Cancer protein’s surprising role as memory regulator

Scientists have found that a key cancer protein could help regulates memory formation – a finding that could pave the way for Alzheimer’s disease treatment. Cyclin E is a well-known culprit that drives many types of solid tumors and blood cancers. The study is the first revelation that cyclin E has a crucial role in the formation of nerve connections, or synapses, in the brain.

The researchers found potential evidence linking cyclin E to Alzheimer’s disease, because it binds to an enzyme called Cdk5 that is involved in memory.Many types of cancer cells, including breast, ovarian, colon, and blood cancers, are driven by the overexpression of cyclin E, which acts like a car’s accelerator pressed to the floor, speeding the cells through their growth-and-division cycle and allowing tumors to form and spread.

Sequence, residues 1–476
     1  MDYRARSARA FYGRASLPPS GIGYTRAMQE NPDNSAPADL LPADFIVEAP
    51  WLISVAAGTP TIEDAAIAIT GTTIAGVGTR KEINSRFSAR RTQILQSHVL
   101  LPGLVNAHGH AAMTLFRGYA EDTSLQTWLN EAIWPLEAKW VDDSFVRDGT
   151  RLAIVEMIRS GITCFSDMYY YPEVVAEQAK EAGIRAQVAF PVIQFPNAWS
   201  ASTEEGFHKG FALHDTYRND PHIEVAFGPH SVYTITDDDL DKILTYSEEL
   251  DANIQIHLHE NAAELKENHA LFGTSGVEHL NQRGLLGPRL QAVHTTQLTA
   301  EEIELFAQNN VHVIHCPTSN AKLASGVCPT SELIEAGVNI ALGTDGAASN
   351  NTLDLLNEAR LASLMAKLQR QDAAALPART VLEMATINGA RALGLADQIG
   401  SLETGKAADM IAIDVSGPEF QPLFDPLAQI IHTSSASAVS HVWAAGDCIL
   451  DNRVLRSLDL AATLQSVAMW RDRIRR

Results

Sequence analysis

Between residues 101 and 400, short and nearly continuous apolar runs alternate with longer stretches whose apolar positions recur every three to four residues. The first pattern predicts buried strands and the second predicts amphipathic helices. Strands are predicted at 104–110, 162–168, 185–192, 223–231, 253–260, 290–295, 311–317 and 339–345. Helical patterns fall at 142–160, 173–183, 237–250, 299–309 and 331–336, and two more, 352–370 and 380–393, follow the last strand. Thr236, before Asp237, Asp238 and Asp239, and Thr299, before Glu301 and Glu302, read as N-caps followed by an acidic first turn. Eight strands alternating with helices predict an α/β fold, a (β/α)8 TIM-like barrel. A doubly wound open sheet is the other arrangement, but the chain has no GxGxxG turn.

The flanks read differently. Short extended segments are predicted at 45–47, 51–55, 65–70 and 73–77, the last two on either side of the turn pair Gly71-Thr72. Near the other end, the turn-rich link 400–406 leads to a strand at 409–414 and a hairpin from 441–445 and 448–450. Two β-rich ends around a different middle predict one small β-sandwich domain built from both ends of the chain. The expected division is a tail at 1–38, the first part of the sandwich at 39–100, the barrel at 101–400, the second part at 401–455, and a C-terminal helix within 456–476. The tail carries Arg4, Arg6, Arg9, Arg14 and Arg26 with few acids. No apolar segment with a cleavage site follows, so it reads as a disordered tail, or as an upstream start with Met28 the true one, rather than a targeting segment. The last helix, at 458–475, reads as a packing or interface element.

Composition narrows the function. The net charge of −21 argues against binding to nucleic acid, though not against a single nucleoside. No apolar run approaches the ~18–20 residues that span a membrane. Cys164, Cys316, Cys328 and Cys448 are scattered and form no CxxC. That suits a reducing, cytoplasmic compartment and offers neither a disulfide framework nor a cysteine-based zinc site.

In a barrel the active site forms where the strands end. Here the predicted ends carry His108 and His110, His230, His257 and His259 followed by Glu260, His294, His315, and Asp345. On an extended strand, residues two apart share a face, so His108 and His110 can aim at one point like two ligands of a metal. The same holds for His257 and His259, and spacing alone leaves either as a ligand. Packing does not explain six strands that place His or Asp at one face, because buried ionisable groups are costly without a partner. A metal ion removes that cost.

In the current study, co-lead author Junko Odajima, PhD, a postdoctoral fellow in the Sicinski laboratory, showed that cyclin E in the brain attaches itself to the Cdk5 enzyme. When cyclin E molecules bind to and inactive Cdk5, synapses formation is increased, and, presumably, memory function improves. Read more…

 

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